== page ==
Children at risk of abuse are being better cared for by Kent County Council: Ofsted report
KCC turns around child
Vulnerable children in Kent at risk of abuse and neglect
are being better cared for after a £20m investment in services,
inspectors have revealed.
But more improvements are needed to ensure their long-term
welfare, a report has said.
Kent County Council's services for children at risk have been
rated as adequate by Ofsted, two years after a damning report said
safeguarding services were failing and exposing children to risk of
The council has spent millions on efforts to address the serious
shortcomings identified by inspectors in 2010.
In their latest report, which followed an unannounced visit in
December, inspectors say they found no cases of children who were
exposed to immediate risk.
They concluded children were "protected by effective initial
screening and prompt action by the council and police services" and
KCC now provided a "significantly improved response" when dealing
with children referred to them.
The report said: "Children requiring protection receive a more
assured initial response than previously, with risk identified in a
timely and effective way."
But Ofsted was critical of the high number of children in need
coming back into the care system, with one in four needing repeat
child protection plans.
It said "too often, interventions lack focus and there is drift
and delay" and planning for children in need was weak, with
"superficial assessments and a lack of specific and measurable
objectives and contingency plans."
In some cases, visits by social workers were not made for
several months and in a small number of cases it reviewed, Ofsted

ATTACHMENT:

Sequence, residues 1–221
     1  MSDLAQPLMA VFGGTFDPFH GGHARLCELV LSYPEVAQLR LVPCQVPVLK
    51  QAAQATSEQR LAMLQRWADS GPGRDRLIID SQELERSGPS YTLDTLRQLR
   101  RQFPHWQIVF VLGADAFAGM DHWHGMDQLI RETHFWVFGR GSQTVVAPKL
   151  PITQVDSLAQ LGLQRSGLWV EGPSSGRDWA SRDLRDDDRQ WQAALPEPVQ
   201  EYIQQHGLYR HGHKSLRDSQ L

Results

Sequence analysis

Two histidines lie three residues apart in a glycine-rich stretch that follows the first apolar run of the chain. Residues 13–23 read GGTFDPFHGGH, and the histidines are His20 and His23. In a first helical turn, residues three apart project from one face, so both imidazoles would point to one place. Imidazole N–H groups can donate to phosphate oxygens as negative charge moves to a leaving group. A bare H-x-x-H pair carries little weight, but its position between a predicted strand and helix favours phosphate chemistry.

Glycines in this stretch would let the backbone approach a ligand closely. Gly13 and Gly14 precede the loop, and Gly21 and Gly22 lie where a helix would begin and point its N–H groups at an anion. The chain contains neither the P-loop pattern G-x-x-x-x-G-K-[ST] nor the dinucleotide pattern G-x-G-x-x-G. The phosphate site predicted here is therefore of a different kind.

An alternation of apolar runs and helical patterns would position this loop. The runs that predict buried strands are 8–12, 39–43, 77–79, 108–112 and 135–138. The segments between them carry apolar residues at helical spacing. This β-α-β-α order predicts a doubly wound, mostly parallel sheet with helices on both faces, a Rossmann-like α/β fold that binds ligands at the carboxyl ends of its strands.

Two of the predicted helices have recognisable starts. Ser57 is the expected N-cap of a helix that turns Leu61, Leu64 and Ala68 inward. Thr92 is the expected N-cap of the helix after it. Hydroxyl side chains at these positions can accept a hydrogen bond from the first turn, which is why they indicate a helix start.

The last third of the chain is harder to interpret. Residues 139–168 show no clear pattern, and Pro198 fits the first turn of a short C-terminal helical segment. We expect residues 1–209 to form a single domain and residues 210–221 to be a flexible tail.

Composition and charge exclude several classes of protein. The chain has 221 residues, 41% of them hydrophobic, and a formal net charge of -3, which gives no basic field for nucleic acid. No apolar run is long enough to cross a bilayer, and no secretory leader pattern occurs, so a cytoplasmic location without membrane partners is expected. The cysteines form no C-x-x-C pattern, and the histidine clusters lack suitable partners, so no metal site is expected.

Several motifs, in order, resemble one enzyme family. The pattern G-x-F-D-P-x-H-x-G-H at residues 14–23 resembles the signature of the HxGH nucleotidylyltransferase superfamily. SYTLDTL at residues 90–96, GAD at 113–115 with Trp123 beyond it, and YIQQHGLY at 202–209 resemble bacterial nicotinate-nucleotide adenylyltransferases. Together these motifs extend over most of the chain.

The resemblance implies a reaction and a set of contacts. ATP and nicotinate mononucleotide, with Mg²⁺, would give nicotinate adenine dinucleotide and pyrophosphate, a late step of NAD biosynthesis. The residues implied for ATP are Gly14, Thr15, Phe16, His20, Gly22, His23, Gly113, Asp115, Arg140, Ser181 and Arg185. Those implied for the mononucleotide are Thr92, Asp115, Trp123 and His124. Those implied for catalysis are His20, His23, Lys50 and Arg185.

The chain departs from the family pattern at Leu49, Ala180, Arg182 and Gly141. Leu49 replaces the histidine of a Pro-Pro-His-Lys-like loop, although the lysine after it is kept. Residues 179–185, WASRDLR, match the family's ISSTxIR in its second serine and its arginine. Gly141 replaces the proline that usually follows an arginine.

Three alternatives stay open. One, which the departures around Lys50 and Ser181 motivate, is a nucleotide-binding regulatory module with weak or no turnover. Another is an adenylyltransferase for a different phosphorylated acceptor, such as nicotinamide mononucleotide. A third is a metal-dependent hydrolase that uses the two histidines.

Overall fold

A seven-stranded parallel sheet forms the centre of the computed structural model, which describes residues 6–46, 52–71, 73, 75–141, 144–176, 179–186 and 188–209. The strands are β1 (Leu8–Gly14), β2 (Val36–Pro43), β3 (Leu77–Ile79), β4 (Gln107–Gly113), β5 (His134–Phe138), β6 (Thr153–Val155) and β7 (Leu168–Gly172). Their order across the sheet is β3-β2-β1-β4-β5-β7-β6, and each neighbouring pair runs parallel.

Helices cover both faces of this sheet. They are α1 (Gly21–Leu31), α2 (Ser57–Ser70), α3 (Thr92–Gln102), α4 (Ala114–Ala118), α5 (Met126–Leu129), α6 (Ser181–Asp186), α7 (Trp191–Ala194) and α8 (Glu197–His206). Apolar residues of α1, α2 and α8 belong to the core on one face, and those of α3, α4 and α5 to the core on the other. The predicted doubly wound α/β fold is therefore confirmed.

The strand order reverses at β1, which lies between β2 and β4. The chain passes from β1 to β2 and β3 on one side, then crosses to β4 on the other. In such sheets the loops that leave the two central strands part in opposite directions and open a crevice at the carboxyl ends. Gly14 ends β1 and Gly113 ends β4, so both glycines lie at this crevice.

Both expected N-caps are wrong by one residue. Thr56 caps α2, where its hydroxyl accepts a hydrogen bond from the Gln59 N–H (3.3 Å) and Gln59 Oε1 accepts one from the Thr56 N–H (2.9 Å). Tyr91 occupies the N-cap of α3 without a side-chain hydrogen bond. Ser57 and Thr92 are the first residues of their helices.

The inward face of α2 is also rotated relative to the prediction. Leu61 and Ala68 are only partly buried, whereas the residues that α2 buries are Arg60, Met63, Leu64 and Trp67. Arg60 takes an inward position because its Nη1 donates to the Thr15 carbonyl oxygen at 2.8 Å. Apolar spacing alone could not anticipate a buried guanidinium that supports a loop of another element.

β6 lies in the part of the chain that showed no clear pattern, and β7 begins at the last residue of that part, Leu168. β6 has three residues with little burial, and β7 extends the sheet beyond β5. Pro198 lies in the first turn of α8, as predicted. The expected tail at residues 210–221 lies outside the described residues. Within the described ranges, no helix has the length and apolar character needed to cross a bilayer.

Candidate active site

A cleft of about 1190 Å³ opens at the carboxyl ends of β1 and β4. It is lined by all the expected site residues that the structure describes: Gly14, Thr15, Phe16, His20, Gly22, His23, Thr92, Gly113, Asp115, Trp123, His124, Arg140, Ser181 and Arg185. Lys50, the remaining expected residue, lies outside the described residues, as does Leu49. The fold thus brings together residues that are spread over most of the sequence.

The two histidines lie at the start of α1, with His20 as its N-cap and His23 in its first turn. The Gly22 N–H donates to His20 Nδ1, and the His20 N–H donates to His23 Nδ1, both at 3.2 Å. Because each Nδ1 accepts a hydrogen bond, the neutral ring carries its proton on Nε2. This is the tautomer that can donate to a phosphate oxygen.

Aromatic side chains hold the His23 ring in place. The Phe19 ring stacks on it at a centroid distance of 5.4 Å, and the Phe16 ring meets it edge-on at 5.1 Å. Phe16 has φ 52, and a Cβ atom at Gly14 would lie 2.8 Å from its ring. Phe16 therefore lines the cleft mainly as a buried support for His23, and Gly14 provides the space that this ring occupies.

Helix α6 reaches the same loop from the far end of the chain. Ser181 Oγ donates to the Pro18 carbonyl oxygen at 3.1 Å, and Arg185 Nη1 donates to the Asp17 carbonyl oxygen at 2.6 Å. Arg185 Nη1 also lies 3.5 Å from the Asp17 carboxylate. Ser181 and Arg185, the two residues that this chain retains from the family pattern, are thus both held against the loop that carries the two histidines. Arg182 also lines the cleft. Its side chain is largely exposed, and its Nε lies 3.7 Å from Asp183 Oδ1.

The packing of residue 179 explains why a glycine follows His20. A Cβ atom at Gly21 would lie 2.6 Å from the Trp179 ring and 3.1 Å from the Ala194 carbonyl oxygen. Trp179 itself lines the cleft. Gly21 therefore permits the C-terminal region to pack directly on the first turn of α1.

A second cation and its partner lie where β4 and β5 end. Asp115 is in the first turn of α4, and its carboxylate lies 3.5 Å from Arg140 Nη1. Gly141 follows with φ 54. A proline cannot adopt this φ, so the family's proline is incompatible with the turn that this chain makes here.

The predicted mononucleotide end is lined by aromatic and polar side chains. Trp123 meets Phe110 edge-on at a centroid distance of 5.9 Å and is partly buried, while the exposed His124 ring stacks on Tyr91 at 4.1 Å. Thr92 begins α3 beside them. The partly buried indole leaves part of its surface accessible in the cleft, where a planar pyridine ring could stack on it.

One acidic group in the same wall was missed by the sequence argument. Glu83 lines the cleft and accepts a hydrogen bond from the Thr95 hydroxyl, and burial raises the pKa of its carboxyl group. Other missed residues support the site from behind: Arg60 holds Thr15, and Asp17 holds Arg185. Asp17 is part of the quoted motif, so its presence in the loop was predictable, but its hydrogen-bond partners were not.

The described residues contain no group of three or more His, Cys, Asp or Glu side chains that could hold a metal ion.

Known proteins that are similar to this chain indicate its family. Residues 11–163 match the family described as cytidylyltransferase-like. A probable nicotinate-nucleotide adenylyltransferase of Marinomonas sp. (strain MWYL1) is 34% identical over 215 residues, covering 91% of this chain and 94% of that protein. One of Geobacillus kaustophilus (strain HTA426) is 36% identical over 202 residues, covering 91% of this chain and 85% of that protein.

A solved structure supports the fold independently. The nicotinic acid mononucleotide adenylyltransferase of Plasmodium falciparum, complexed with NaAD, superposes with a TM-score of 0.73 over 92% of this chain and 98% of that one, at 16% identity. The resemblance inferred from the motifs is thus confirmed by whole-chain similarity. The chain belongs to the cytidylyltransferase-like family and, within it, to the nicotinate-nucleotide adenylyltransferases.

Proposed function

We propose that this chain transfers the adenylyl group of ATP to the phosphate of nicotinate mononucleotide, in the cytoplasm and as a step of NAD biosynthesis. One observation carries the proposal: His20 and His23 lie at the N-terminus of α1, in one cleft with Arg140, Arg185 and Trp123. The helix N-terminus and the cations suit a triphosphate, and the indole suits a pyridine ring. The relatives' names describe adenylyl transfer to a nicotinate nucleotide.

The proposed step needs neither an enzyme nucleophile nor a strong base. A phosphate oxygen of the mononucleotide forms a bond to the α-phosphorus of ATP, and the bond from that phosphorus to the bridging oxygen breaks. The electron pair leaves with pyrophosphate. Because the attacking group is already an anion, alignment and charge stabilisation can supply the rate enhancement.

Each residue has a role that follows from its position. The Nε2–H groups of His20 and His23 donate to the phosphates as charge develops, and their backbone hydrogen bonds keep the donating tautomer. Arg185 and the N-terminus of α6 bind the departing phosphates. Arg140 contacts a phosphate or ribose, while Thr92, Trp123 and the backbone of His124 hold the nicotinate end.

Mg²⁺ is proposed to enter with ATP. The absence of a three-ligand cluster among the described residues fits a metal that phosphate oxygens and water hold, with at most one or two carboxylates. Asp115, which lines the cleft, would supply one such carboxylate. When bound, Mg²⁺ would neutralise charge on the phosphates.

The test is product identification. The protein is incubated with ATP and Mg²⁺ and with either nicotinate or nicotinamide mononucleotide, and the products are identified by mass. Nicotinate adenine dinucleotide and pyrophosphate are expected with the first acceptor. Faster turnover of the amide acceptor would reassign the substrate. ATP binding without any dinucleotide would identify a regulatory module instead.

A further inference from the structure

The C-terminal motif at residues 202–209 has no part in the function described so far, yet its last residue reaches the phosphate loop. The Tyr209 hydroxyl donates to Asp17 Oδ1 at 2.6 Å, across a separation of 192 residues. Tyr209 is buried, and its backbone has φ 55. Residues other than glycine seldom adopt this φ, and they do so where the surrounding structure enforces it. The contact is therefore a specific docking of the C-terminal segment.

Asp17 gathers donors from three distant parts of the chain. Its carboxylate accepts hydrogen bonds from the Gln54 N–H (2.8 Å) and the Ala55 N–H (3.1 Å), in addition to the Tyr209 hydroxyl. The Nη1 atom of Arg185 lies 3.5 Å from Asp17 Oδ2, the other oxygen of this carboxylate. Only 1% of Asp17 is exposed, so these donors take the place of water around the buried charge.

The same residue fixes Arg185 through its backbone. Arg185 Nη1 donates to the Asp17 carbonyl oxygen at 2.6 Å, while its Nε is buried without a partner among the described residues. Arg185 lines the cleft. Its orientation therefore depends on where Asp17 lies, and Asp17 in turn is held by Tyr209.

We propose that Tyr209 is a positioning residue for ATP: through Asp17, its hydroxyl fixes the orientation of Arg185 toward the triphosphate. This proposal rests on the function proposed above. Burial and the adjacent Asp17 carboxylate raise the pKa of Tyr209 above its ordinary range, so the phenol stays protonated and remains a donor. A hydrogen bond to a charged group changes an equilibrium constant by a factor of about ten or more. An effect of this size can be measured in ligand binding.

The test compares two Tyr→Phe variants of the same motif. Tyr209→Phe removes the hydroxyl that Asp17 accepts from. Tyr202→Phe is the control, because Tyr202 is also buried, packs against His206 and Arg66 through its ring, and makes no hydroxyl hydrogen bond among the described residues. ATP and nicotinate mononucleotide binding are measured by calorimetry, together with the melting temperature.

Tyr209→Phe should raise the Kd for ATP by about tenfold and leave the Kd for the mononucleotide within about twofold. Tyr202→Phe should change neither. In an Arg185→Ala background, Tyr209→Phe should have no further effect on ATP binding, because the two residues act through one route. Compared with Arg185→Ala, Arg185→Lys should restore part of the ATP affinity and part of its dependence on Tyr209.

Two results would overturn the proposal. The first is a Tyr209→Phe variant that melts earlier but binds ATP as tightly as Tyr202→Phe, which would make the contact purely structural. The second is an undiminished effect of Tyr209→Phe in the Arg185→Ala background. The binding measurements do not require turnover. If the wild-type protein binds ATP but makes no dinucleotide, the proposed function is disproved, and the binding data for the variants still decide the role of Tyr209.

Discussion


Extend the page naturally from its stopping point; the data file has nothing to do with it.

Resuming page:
said "children continued to live in potentially harmful
environments for too long."
These weaknesses were reflected in an increase to 26% from 15%
in the number of children needing repeat protection plans in a
year, considerably higher than many similar areas.
Despite this, Ofsted said morale among staff was good and social
workers' caseloads were at a manageable level.
Responding to the report, KCC said it was not complacent and
acknowledged more needed to be done.
Cllr Jenny Whittle (Con), cabinet member for specialist
children's services, said: "This report recognises what we have
done to raise standards but we are only part of the way along this
"We are committed to building on successes and addressing
weaknesses that remain to create the services the children and
families of Kent deserve."
She added: "Now we have to focus on cases of children in need to
ensure they get the services they need."
Council leader Paul Carter, who had said he would resign if
improvements were not made, said: "Despite our significant
achievements in raising standards, we are not complacent and
recognise more work needs to be done."
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